Can I sue my employer over this?
I work in California at a Home Depot as a cashier
, under California law employees have the right to sit under the Suitable Seating law. We have been provided with stools but we are not allowed to sit in them according to my new store managers policy. Suitable seating lawsuits have gone all the way up to the Supreme Court and have won against business such as Walmart and CVS. I’m not really trying to sue, but I’m wondering if this is even allowed. I’m tired of being threatened with disciplinary actions if I’m not in the wrong. If you look up the law it states that any and all employees have the right to sit or take a seat as long as it does not affect their job. As a cashier at Home Depot you are not expected to stock and you even get in trouble for leave the register area. So why am I being threatened by other employees or management for sitting in the stool when it’s dead. I do not sit when customers are around and need help, I clean the register area and sweep when needed.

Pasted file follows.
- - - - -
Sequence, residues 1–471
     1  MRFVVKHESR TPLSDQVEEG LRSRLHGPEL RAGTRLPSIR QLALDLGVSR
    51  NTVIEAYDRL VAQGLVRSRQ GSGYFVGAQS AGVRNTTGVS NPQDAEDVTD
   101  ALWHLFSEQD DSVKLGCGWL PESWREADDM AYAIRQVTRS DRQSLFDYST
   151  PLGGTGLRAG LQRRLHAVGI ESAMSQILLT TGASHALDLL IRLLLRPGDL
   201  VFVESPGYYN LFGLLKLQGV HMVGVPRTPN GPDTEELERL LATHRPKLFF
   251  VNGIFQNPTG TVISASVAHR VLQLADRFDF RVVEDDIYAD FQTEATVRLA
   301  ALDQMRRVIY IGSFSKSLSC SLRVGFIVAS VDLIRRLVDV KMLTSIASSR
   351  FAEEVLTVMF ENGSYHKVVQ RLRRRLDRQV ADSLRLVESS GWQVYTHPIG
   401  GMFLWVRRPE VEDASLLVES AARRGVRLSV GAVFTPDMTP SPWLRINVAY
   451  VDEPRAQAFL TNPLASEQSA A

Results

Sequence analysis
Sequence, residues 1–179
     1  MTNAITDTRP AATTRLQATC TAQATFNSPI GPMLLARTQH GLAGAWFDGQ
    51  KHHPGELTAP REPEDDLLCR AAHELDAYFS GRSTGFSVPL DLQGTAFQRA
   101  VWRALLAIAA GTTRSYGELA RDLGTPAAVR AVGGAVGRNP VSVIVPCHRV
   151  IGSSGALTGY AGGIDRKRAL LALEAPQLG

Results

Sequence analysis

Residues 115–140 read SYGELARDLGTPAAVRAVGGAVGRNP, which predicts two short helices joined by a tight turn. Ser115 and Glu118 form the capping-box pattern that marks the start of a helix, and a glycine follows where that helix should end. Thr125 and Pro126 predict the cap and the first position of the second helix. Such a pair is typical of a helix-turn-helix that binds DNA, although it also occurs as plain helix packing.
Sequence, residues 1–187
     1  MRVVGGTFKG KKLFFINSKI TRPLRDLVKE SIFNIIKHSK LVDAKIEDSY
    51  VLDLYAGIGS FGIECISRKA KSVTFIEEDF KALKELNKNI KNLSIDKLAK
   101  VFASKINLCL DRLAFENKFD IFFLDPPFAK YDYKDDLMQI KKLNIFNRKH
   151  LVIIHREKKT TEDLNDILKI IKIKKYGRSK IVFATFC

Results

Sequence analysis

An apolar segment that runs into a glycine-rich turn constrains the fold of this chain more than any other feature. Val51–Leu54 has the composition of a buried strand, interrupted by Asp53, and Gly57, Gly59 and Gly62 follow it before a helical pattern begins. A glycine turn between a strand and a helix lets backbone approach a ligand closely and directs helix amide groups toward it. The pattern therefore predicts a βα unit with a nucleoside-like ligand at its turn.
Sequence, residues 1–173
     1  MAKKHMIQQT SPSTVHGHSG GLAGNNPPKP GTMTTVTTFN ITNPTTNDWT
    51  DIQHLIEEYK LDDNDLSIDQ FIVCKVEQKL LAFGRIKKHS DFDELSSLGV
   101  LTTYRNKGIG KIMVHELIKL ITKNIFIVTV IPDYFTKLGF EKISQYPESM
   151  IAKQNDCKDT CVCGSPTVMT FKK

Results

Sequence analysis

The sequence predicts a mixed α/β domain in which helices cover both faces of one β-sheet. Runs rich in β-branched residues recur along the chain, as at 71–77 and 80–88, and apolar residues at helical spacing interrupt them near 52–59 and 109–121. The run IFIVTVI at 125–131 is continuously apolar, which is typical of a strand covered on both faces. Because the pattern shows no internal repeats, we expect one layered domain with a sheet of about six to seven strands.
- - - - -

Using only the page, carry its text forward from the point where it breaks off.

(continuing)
- AnaLv 62 months agoFavorite Answer
Well, your employer might argue that you sitting *does* impact your job, because you could be looking for customers to help... or maybe they feel that it “looks bad” to customers, like the employees are lazy.
Basically, the law isn’t so cut and dry bcuz of the caveat in the law that says “it’s allowed *IF IT DOESNT NEGATIVELY IMPACT THE JOB*”. This caveat makes it much harder to sue.
You probably should nicely bring this law up to your employer and make it clear you aren’t trying to cause trouble, but you just want the law to be followed so everyone can be happy.
If they still insist that you’re not following the law, or that this law doesn’t apply, ask them how and why. And get it recorded (with their consent) or have them write it down for you why it’s that way.
Ultimately though, you’d be better off finding a new job than trying to sue for this, because it’s a very wishy washy law and Home Depot would bury you in litigation
- realtor.sailorLv 72 months ago
It's not that "cut and dried." Read this; https://www.shrm.org/resourcesandtools/legal-and-c...
- 2 months ago
seems like a reasonable complaint but know you can't sue you are there because you choose to be